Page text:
A stroke is a “brain attack” which happens when the blood to a section of your brain tissue is suddenly cut off and brain tissue does not get its needed oxygen and nutrients. Within minutes, the brain cells begin to dye and affect how your body works or how you feel and think.
A stroke is a medical emergency: if you feel you are experiencing symptoms of a stroke, you should call 911 immediately.
Is a stroke the same as a TIA (Transient Ischemic Attack)?
Transient ischemic attack (TIA): a “mini stroke” occurs when a section of the brain does not get its needed blood supply but is able to recover quickly by getting blood from neighboring vessels. TIA’s typically last 15-20 minutes and resolve within 24 hours. Even after the symptoms resolve, you need to seek medical attention urgently because the risk of stroke is higher after a TIA.
Stroke: when the blood flow to a section of the brain ceases and the brain tissue does not recover, a lasting damage to the brain occurs. Patients may experience various symptoms, some of which may be severe and lasting.
What are symptoms of TIA or stroke?
It helps to think of the word BEFAST (Balance, Eyes, Face, Arm, Speech, Time) to remember TIA or stroke symptoms and what to do.
The symptoms may include:
- Sudden loss of balance
- Difficulty seeing in one eye
- Veil or shade coming down over one eye
- Weakness, numbness, drooping, or tingling of face (may just be on one side)
- Severe headache
- Trouble thinking
- Trouble swallowing
- Feeling dizzy along with one or more of the symptoms listed above
- Weakness, numbness, or tingling in your arm (one side of your body) e.g. dropping the phone, a cup or a pen or your hand becoming numb for unclear reason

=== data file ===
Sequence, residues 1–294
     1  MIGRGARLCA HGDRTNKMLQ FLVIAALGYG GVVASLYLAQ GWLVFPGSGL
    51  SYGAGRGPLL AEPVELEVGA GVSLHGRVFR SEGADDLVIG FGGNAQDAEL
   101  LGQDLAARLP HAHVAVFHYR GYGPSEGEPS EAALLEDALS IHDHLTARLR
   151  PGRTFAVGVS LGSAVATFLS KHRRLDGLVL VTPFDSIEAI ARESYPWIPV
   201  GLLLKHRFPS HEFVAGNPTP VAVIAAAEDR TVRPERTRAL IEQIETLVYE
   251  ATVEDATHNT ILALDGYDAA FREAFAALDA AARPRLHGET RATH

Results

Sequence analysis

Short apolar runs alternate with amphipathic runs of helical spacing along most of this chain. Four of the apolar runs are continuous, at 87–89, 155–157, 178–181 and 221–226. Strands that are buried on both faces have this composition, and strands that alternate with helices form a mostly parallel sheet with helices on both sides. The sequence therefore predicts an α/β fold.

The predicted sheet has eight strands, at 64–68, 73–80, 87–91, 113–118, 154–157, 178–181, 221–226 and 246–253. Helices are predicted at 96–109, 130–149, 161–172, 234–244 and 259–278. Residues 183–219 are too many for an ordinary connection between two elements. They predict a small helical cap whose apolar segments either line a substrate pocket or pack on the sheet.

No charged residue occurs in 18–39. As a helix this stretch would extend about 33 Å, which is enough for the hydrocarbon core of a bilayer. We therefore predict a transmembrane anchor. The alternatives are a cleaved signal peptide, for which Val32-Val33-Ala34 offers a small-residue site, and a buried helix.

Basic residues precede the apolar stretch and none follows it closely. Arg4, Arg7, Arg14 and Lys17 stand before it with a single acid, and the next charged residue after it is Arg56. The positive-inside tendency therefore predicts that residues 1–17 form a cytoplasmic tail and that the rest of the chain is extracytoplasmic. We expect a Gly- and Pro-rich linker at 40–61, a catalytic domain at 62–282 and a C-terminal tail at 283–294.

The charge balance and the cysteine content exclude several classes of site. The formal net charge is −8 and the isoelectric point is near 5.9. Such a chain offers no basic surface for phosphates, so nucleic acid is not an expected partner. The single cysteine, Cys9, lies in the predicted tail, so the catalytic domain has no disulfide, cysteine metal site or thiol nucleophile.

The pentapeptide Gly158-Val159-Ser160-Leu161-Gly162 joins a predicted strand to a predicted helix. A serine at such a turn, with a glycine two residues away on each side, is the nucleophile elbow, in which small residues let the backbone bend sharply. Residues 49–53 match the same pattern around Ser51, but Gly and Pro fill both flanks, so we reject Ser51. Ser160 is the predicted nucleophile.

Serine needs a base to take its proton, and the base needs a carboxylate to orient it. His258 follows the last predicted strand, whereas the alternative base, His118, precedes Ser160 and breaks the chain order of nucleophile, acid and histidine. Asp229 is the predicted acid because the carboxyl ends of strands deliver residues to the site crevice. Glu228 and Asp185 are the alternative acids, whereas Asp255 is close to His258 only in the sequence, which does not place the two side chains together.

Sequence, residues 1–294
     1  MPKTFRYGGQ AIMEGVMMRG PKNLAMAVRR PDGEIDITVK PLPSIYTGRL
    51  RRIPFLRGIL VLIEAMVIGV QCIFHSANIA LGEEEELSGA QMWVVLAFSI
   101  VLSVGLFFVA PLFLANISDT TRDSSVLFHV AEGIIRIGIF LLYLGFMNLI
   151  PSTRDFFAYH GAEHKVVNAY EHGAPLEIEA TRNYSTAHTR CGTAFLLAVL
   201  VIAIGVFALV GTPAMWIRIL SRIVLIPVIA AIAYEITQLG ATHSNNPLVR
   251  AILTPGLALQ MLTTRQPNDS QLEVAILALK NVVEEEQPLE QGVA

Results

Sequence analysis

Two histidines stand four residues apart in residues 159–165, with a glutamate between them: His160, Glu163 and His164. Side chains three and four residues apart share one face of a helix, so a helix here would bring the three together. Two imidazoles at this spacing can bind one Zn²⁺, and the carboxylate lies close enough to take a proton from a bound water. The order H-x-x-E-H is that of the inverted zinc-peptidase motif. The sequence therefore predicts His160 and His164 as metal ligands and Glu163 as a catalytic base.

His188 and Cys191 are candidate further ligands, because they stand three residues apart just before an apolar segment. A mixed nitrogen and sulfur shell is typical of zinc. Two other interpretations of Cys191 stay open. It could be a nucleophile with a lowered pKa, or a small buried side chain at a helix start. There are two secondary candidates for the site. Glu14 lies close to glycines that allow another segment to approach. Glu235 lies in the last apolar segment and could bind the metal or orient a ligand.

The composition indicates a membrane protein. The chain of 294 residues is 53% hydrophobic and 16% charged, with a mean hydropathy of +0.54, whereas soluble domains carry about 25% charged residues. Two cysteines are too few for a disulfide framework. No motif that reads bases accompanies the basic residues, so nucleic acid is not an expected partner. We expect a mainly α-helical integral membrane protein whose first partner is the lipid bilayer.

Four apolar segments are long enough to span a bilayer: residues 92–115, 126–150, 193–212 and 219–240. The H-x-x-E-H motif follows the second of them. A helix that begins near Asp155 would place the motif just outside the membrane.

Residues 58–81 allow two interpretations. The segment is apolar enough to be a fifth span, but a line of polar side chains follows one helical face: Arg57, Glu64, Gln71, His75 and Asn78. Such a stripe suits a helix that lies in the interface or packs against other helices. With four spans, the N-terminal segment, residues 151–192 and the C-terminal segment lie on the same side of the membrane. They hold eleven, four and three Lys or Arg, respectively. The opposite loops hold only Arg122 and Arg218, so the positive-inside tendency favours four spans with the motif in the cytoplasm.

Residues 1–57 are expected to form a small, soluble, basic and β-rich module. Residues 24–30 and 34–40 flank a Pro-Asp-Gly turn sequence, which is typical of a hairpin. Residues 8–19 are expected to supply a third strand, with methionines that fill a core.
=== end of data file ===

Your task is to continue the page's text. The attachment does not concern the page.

- Weakness, numbness, or tingling in one leg e.g. the leg gives out under you and becomes limp
- Difficulty finding the words
- Difficulty saying the words
- Slurred speech
- Call 911 for emergency help right away if you have symptoms of a TIA or stroke.
- Time is of the essence: if you have had a TIA, you have a high risk of having a stroke. Do not ignore symptoms of a TIA. Get emergency medical care to help prevent a stroke as there is a treatment that can reduce the effect of the stroke within the first 6 hours of its occurrence.
What causes a stroke?
There are two main types of stroke:
- Ischemic stroke: This is the most common type of stroke. A narrowing or blockage stenosis) from a buildup of a plaque can slow or stop blood flow in your carotid artery. (see: Carotid Artery Disease)
- Hemorrhagic stroke: occurs when a blood vessel in your brain leaks or ruptures. Some of the common conditions which may cause hemorrhagic stroke include:
- Uncontrolled high blood pressure
- Bleeding from brain tissue after an ischemic stroke
- Uncontrolled blood thinners (anticoagulants)
- Weakened and enlarged blood vessel walls (aneurysms)
- Trauma (such as a car accident)
How is a TIA or stroke diagnosed?
Your healthcare provider will ask about your symptoms and medical history and examine you.
Tests may include:
- Ultrasound to study the carotid arteries and identify if significant plaque is present.
- CT scan to look at the neck arteries and brain tissue
- MRI to show detailed pictures of your brain and blood vessels
- Angiogram, which uses dye injected into a vein and X-rays to look at blood flow in the carotid arteries or brain
Am I at risk for a stroke?
Your risk of developing a carotid plaque is higher if you:
- Have high blood pressure
- Have high cholesterol
- Have a family history of stroke
- Are over the age of 55
- Are overweight
- Have atrial fibrillation
- Have diabetes or insulin resistance
- Suffer from Alcoholism
Time is precious when having a stroke. Act fast to notify someone.
To learn more, call us at South Charlotte General and Vascular Surgery or book an appointment online.